Blogging ‘Black Lamb and Grey Falcon’

“What is Kaimakshalan?  A mountain in Macedonia, but where is Macedonia since the Peace Treaty?  This part of it is called South Serbia.  And where is that, in Czechoslovakia, or in Bulgaria?  And what has happened there?  The answer is too long, as long indeed, as this book, which hardly anybody will read by reason of its length.  Here is the calamity of our modern life, we cannot know all the things which it is necessary for our survival that we should know.” (Black Lamb and Grey Falcon)

Rebecca West by Madame Yevonde (cc)

THIS YEAR MARKS the 80th anniversary of the publication of Black Lamb and Grey Falcon by Rebecca West. Written over five years and totaling more than 1,100 pages, it was almost immediately and universally acclaimed as a masterwork of 20th Century English literature—luster dimmed slightly by aspersions cast during the wars of succession in the former Yugoslavia in the 1990s. After 2000, however, this extraordinary book fell not just from favor but from popular consciousness. So much so that nobody noticed when its 75th anniversary passed in 2016.

Nobody, it seems, but me.  In 2017 I wrote about this collective oversight in the Los Angeles Review of Books and defended West against the ludicrous accusation that her 1930s wayfaring prosopography fed Western inaction during the violent, genocidal breakup of the former Yugoslavia.  To my surprise, West’s literary estate flagged my article and ordered an 80th anniversary edition.  That edition is now available from Canongate with an introduction by Geoff Dyer.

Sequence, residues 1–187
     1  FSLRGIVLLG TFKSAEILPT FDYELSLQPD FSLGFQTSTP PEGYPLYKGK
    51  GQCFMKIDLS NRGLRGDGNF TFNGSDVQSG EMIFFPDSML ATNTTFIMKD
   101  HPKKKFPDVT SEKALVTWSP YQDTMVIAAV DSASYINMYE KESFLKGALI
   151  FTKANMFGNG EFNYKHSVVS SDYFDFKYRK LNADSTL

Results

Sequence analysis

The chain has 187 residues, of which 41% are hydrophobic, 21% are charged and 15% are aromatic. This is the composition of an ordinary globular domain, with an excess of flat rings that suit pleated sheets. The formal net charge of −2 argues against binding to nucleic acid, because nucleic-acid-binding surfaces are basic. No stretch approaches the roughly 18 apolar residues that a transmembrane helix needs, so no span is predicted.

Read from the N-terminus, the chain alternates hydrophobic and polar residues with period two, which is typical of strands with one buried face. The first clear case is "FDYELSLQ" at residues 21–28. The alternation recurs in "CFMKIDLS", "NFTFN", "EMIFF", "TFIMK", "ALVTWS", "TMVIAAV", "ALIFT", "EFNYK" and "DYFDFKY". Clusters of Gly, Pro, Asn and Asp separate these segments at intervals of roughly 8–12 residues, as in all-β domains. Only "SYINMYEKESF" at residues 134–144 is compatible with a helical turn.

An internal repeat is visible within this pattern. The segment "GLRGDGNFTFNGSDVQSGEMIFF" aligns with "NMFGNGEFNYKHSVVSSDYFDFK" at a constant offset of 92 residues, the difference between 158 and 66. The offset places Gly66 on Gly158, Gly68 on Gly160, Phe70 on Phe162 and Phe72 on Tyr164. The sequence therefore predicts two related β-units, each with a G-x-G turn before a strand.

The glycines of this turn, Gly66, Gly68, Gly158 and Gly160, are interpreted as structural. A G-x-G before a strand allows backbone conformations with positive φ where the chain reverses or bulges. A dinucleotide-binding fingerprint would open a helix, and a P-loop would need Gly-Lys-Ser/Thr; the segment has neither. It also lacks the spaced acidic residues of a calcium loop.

This moment presents an opportunity to revisit the book in detail and in depth.  In the coming weeks and months I will write here about the book as I move through it, region by region.  The book is rich and dense with observation and moment so there will be plenty of material for digressions and diversions.  I have visited several of the locations covered in the book, including Serbia, Macedonia, and Bosnia in addition to Austria, Greece, Hungary and Bulgaria.  My admiration of West and her work grew as I realized what she described in 1941 remained completely true to my own experiences.

I also believe reexamining this book will bring clarity to our own generational inflection point.  As several commentators have noted, during her travels in the mid-1930s West saw and anticipated the crest of fascism preparing to crash across Europe.  Black Lamb documented the damage of rank nationalism and the imperialism of centuries.  West plainly saw the antecedents and historical analogies.  “The difference between [Kosovo] in 1389 and England in 1939,” she wrote, “lay in time and place and not in the events experienced.”

Many thought 1989 was the last caesura with that legacy.  But history has no end.  The apex of post-Cold War democratic advance came in Tunis in 2011.  Since then, more than a dozen countries have rallied to the cynical column led by Moscow, Beijing, Pyongyang, and Tehran.  Freedom House noted of 2020, “[D]emocracy’s defenders sustained heavy new losses in their struggle against authoritarian foes, shifting the international balance in favor of tyranny.”  Western democracies themselves have not been immune to this retrogression, as 2021’s capitol insurrection surely demonstrated.

West saw the same thing coming 85 years ago and warned us.  We should listen.

I hope you’ll join me on this historiographical odyssey.  Please feel free to comment below or e-mail me directly at the address listed under “About James Thomas Snyder”.

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About James Thomas Snyder

NATO fan, ex-diplomat, author, critic, translator, and former U.S. Congressional speechwriter. All opinions expressed here are my own and do not necessarily represent the views of the U.S. government or any employer, past or present.
This entry was posted in Book Reviews, Books, Politics and Political Theory, The Former Yugoslavia and tagged , , , , , , , , , , , , , , , , , . Bookmark the permalink.

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